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5 Ways a Career in STEM Has Made Me a Better Person

When she was working at a ski resort in Vermont, Sandi Peterson, Group Worldwide Chair of Johnson & Johnson, couldn't have divined that she'd one day be helping improve the health of over 1 billion people every day. For International Women's Day, she shares a few things she's learned along the way.
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oday is International Women's Day, when we celebrate the contributions of incredible women and also recognize that we have a long way to go in achieving gender equality. This is particularly evident in STEM fields—science, technology, engineering and mathematics—where women continue to be underrepresented. Women need strong advocates and encouragement to pursue education and careers in STEM—and we need the contributions of women if we are going to solve the world’s toughest challenges.

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Sandi Peterson, Group Worldwide Chair, Johnson & Johnson

When I reflect on my own career, the road has been challenging but rewarding, and has shaped me both professionally and personally in five important ways:

It showed me the value of mentorship ...

From my very first job at a ski resort in a small Vermont town, and throughout my professional career, I’ve had mentors and sponsors who’ve given me invaluable advice, helped guide me on my path and who've advocated for me at critical points in my career.

But what’s equally rewarding is being a mentor. I learn so much from the next generation of STEM leaders and love to learn about my mentees’ experiences growing up with tech at the center of everything.

It helped me cultivate a learning mindset ...

Early on in my career, I wanted to be the smartest person in the room, just as I had been at school. Guess what? I alienated some people in the process because knowing the answer to a problem isn’t enough.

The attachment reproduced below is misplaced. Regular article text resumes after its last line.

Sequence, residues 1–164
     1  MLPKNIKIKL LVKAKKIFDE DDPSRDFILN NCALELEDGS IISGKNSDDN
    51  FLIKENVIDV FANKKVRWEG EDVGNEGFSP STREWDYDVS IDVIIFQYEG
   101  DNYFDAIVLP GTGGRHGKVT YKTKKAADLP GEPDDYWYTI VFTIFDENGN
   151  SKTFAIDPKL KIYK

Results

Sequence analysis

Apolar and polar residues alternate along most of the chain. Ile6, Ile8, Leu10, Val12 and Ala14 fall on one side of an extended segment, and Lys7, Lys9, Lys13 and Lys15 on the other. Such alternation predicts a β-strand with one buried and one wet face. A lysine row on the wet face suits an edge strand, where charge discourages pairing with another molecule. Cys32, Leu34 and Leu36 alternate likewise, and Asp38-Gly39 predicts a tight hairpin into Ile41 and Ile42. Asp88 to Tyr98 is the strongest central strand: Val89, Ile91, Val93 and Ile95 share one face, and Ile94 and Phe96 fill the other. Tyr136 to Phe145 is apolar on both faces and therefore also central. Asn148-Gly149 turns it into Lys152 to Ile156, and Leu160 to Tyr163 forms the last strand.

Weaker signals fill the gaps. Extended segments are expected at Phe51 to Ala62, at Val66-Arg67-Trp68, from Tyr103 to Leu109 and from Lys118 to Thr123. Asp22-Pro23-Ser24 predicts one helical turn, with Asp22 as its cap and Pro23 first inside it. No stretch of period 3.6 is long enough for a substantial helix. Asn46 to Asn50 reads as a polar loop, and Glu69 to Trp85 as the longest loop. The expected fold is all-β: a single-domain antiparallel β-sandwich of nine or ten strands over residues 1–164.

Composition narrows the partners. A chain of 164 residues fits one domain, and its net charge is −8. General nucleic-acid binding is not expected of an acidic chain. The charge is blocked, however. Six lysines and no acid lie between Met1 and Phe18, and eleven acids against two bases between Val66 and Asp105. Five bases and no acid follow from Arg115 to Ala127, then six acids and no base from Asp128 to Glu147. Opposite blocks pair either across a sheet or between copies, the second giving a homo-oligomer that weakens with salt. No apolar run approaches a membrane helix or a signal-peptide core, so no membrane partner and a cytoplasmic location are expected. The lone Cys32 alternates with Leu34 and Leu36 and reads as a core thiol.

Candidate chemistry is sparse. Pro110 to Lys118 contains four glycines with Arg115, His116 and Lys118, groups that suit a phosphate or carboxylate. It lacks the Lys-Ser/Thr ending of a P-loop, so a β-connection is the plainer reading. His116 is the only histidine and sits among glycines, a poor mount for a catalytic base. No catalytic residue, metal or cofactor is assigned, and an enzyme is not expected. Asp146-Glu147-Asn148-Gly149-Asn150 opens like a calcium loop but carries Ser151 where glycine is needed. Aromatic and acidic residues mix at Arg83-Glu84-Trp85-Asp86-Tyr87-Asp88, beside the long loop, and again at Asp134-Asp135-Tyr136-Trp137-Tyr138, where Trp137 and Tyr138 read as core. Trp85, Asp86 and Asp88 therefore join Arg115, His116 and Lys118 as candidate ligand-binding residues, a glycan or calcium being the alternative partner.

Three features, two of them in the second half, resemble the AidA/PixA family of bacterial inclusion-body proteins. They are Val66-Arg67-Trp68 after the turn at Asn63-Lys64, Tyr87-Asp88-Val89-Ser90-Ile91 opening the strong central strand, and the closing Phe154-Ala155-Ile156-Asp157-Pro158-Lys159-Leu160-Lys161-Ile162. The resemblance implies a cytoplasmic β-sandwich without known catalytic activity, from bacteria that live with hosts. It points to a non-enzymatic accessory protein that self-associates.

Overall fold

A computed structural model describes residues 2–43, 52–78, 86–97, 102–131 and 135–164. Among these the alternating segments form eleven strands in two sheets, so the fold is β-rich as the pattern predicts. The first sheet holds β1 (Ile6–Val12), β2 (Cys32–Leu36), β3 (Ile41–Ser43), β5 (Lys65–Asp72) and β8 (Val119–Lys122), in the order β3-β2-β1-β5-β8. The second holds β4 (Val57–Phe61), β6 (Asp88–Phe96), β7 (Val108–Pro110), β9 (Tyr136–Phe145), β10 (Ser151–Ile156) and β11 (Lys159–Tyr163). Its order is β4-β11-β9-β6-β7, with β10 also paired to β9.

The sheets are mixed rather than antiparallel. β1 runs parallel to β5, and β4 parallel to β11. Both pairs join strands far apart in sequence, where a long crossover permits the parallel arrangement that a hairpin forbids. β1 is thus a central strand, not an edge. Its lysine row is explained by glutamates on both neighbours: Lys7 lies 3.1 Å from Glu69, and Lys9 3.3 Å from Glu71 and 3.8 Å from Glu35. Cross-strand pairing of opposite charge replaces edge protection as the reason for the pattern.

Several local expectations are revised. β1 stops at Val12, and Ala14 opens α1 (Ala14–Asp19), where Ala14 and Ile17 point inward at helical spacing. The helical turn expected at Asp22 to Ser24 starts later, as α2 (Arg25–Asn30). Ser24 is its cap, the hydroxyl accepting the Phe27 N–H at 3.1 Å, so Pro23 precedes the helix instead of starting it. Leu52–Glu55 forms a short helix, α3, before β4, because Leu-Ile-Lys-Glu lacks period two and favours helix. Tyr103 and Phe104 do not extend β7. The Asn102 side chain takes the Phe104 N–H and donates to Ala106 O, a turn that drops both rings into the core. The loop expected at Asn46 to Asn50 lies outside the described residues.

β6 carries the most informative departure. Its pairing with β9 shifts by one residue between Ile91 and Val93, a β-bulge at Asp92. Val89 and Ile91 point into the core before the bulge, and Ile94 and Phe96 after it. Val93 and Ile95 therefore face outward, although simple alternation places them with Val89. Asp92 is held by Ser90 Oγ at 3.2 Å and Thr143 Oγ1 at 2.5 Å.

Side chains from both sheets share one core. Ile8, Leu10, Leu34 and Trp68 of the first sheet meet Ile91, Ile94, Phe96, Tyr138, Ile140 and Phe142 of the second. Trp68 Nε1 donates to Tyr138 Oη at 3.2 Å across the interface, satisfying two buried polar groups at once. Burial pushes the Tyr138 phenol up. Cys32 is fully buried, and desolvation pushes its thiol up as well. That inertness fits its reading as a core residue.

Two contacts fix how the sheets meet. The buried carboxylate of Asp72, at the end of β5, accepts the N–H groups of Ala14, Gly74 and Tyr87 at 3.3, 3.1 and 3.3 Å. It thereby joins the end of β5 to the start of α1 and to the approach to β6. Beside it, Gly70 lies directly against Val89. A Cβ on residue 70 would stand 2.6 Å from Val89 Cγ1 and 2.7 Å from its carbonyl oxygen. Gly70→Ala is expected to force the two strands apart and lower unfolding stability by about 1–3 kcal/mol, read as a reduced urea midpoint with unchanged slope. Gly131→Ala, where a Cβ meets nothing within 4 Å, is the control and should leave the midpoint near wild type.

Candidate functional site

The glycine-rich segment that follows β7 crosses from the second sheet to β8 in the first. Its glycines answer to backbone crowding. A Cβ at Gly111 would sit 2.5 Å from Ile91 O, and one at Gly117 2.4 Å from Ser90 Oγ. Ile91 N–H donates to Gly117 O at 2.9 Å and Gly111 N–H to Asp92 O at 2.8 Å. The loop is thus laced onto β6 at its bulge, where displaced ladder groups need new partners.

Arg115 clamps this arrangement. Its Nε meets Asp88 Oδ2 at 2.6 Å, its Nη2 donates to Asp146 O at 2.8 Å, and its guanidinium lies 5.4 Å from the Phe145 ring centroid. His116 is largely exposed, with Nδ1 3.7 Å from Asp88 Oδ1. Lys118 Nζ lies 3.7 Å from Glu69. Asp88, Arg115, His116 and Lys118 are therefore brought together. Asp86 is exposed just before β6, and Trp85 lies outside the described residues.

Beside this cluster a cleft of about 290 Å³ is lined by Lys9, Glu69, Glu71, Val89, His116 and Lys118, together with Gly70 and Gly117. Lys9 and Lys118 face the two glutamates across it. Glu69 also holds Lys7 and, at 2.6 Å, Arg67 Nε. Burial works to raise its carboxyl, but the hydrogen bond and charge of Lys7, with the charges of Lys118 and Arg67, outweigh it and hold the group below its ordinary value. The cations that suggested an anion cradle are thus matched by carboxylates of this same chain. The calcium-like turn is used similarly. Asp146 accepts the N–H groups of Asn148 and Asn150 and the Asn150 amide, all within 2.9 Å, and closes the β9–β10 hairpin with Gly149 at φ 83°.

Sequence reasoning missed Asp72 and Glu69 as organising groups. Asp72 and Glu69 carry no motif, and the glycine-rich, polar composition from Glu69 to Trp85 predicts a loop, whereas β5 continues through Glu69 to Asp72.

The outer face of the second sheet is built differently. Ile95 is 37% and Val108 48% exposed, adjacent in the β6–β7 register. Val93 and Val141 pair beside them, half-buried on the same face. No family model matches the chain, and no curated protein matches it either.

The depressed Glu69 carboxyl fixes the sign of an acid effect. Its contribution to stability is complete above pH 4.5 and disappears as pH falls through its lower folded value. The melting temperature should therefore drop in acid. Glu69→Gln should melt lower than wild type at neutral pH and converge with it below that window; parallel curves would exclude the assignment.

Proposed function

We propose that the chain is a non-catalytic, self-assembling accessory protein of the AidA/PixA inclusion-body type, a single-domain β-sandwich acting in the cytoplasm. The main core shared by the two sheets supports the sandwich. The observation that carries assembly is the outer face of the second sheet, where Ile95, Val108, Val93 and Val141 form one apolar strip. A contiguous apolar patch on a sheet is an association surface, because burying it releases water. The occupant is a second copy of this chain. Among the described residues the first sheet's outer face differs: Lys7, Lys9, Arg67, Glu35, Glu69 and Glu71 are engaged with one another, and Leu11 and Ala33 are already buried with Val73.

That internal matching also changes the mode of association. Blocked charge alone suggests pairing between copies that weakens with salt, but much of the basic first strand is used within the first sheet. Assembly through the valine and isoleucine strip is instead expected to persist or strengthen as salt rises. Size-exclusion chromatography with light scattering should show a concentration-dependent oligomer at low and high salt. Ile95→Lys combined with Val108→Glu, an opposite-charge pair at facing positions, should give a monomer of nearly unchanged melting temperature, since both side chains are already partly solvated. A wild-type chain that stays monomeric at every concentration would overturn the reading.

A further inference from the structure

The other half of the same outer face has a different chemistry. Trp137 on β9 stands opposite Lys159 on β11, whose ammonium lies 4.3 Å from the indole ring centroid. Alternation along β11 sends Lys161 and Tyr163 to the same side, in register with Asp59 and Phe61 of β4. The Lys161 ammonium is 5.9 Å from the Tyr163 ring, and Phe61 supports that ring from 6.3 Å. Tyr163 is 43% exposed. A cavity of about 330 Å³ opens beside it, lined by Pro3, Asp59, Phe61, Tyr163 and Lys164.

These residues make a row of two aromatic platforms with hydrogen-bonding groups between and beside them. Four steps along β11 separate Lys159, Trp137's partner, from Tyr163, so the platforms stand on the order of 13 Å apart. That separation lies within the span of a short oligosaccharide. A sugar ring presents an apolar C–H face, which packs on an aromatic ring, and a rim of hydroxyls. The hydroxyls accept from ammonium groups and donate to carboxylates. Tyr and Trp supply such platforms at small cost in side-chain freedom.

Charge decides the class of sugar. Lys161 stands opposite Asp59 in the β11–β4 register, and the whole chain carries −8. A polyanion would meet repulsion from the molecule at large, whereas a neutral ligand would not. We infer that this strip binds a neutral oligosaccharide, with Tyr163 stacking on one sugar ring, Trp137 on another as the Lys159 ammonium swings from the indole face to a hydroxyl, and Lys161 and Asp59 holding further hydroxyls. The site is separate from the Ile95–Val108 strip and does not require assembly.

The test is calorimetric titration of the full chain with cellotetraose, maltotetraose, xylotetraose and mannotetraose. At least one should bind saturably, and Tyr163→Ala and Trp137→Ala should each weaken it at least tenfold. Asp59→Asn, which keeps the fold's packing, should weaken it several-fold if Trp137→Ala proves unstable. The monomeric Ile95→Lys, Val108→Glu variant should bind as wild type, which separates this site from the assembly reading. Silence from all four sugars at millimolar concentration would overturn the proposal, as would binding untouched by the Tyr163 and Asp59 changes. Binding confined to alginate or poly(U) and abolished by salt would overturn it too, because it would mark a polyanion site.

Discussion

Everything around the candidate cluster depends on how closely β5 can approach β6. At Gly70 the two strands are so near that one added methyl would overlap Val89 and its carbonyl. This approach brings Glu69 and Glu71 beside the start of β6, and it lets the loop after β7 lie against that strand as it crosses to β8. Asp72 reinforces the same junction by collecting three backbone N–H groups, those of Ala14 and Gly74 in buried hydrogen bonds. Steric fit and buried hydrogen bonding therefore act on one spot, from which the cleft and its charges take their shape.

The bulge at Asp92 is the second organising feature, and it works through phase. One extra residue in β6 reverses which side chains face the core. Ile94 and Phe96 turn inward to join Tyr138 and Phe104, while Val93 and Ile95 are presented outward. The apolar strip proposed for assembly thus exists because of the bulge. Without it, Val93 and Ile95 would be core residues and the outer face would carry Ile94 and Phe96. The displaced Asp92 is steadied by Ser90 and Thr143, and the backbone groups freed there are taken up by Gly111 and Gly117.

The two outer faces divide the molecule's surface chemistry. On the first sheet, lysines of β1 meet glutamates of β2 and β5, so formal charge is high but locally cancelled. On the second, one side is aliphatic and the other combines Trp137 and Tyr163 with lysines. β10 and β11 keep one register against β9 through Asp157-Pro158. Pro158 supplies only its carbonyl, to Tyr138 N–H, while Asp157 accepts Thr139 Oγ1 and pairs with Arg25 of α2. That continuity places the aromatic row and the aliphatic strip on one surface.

Smart leaders don’t need to have all the answers—they need to know when to contribute and when to listen. And to succeed in today’s rapidly changing world, you need to be curious—ask a lot of questions and listen.

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Women make up half of the population, and 80% of a family’s healthcare decisions are made by women—so it only makes sense that they should make up at least half of the idea/business decision base.

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It inspired me to be an advocate for diversity ...

Women make up half of the population, and 80% of a family’s healthcare decisions are made by women—so it only makes sense that they should make up at least half of the idea/business decision base.

We believe at Johnson & Johnson that accelerating the development of women leaders through programs like WiSTEM2D (Women in Science, Technology, Engineering, Math, Manufacturing and Design) is critical to improving global health and well-being. We want to increase the participation of women who are practicing medicine, delivering care and developing the technology and products that are used to keep people healthy.

It taught me the value of a STEM education—in any career ...

When I was younger, I never imagined that I’d spend 30 years of my professional career in business. So be broad in your thinking of what you can do with a degree in STEM. Your problem-solving mind is hugely valuable—to you and to others.

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Peterson with Jennifer Taubert, Company Group Chairman, Pharmaceuticals, The Americas, (far right) and mentees who participated in the Fortune/U.S. State Department Global Women’s Mentoring Partnership at Johnson & Johnson

At Johnson & Johnson, we have brilliant researchers, mathematicians, technologists, engineers and statisticians working in supply chain, marketing, R&D and finance who are all contributing to solving unmet healthcare needs for patients and consumers around the globe.

It enables me to make an impact on society ...

STEM fuels innovations that make a meaningful difference in the lives of people everywhere. I get to improve the health and well-being of over 1 billion people every day—that's pretty cool and a long way from a small ski resort in Vermont!

My career has made an incredible impact on me, and I’m committed to paying it forward and advocating for women in STEM at all levels, from kindergarten through their professional years. We need the diversity of thought and perspective to help us drive the type of innovation that improves the lives of people around the world.

Read more about Johnson & Johnson's history of empowering women both inside and outside the company in our virtual archives.
Women employees in front of the Laurel Club building in 1929. From our archives.

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